Q. What do Steven Gerrard, Joe Allen and Jordan Henderson all have in common?
A. They are all attacking midfield players who were told by their managers to play in a deep central midfield role.
The result for Gerrard and Allen was an unimaginable level of abuse from some sectors of the fanbase, mainly from those who didn’t seem to realise that the player in question was being asked to perform a completely different function. All many could see was that the player’s goals had dried up and that he was suddenly passing more often. This week we officially find out that Jordan Henderson has been handed the poisoned chalice. We know this because he spoke about it in an interview with the Liverpool Echo:
The Reds skipper has spent most of the opening stages of the campaign operating as a deep-lying central midfielder in Jurgen Klopp’s side.
Klopp and assistant Zeljko Buvac have devoted hours on the training ground at Melwood to explain exactly what they want to see from a player whose talents have previously been utilised further forward.
“I have learned a lot in a very short space of time,” Henderson said.
“I have played as the No 6 or the deep-lying midfielder and I feel as time has gone on I have learned quickly and obviously the manager helps me on the training field.
“I feel I have progressed in that position and I feel comfortable there. It is not too dissimilar to what I did.
“Pre-season I played in that role against AC Milan, and then I moved forward in the game. I think I can do either really.
“Being the No 6 is more disciplined. When the team is going forward I am thinking more about protection and how I can help and what I need to do rather than running forward and getting in the box all the time. When you are more advanced you are more free to run off in behind and get further up the pitch.”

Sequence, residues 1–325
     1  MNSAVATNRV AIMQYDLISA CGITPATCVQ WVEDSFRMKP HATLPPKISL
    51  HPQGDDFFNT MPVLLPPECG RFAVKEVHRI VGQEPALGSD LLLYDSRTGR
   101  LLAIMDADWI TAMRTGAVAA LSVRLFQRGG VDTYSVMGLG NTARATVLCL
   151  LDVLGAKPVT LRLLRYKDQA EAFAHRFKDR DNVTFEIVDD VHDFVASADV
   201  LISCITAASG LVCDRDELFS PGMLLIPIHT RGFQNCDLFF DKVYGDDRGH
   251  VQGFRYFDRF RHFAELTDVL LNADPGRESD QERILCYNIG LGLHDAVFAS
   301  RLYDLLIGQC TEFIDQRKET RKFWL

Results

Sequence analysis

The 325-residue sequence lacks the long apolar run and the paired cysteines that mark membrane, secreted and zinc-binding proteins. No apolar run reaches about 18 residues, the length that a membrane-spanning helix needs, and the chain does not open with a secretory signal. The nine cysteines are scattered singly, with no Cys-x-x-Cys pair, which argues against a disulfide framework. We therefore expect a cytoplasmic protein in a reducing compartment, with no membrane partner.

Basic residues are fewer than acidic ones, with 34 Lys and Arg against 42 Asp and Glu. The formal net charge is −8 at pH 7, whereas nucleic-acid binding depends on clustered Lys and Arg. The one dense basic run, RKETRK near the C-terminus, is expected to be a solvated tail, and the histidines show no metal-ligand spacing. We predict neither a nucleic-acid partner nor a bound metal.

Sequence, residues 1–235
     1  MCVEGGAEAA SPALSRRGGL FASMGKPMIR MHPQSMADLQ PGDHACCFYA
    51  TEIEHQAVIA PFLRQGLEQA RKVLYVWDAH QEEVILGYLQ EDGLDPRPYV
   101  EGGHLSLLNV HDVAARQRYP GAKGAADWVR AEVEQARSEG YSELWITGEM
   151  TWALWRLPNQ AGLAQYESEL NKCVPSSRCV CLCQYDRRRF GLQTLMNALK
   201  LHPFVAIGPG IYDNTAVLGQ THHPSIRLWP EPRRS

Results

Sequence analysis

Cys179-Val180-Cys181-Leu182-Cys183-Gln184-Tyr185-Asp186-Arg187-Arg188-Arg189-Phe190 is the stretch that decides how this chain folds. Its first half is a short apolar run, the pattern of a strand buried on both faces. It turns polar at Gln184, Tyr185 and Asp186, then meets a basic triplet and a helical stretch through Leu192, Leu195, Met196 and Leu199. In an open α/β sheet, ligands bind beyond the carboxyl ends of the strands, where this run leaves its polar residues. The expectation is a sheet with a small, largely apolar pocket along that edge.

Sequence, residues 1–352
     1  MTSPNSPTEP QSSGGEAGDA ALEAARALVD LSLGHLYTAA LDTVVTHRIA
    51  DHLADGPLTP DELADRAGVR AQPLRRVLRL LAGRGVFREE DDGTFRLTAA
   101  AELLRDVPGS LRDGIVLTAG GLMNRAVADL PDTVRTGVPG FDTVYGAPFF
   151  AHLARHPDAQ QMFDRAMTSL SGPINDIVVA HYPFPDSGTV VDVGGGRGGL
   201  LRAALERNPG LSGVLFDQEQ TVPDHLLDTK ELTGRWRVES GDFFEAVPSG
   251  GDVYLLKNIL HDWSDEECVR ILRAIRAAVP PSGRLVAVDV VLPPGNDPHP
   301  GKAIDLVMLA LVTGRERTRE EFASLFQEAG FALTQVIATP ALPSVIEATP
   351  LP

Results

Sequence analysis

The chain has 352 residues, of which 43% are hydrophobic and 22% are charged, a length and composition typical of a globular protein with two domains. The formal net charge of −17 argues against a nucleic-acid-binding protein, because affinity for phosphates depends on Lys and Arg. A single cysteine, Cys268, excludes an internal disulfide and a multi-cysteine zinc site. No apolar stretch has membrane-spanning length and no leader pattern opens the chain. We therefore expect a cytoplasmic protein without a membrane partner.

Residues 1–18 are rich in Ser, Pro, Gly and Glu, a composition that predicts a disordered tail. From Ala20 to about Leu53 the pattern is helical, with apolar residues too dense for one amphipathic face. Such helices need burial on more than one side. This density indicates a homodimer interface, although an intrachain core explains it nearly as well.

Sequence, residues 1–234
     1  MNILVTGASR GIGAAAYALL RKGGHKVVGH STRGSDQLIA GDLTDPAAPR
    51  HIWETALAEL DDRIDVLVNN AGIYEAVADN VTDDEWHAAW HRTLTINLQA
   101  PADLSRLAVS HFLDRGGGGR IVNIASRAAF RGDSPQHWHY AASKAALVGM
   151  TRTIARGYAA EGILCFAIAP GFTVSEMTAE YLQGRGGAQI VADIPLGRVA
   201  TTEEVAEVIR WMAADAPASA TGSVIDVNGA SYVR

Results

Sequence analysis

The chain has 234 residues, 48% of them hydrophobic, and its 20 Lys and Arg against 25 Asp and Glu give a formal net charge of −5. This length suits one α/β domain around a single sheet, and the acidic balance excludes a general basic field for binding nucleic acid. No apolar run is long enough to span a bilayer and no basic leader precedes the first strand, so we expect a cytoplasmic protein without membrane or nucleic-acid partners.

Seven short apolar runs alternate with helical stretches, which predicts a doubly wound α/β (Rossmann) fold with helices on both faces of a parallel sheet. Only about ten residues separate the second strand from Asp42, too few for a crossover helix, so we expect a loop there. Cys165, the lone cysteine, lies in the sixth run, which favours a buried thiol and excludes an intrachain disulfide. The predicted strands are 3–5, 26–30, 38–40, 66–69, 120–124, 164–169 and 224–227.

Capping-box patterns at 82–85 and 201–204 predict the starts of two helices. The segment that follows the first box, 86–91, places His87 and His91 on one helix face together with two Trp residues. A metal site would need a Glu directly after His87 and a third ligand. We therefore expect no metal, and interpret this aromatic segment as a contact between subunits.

This interview helps to explain a couple of issues. Firstly, why when there was a sizeable purge of players over the Summer Klopp seemed genuinely surprised when it was suggested Henderson would be one of those to go. It appears that Klopp had singled out Henderson early on for this specific role and in retrospect it makes perfect sense. We all know Henderson’s weakness is his shooting but we also know his strong points are his passing, especially his long-range passing, his chasing down of players to win back possession and his robust tackling. Therefore, It’s not that surprising that Klopp decided to move Henderson back into a role more akin to a playmaker. Secondly, it explains why we’re not seeing Henderson arriving late into the box like we have done on previous occasions, playing as a box-to-box midfielder is no longer part of his brief.
It’s worth noting that Henderson has completed 209 passes this season, the highest amount of any player in the Premier League. This would indicate two things: a) Henderson’s role has indeed become more like that of a playmaker, and b) Henderson hasn’t been as inaccurate as some would have you believe.
However, all this evidence explaining Henderson’s circumstances will still not sway a large proportion of Liverpool supporters who continue to doubt him. The problem is that many of them will be measuring him with the wrong yardstick. Some will expect a dynamic box- to-box midfielder reminiscent of an early Gerrard. What we have instead is an apprentice Pirlo. Henderson has already had to shoulder the criticism of his performances last season, a completely unjust situation given that his injuries were beyond his control, and I fear he may feel the brunt of the fans this season due to a positional decision taken by Klopp, not himself.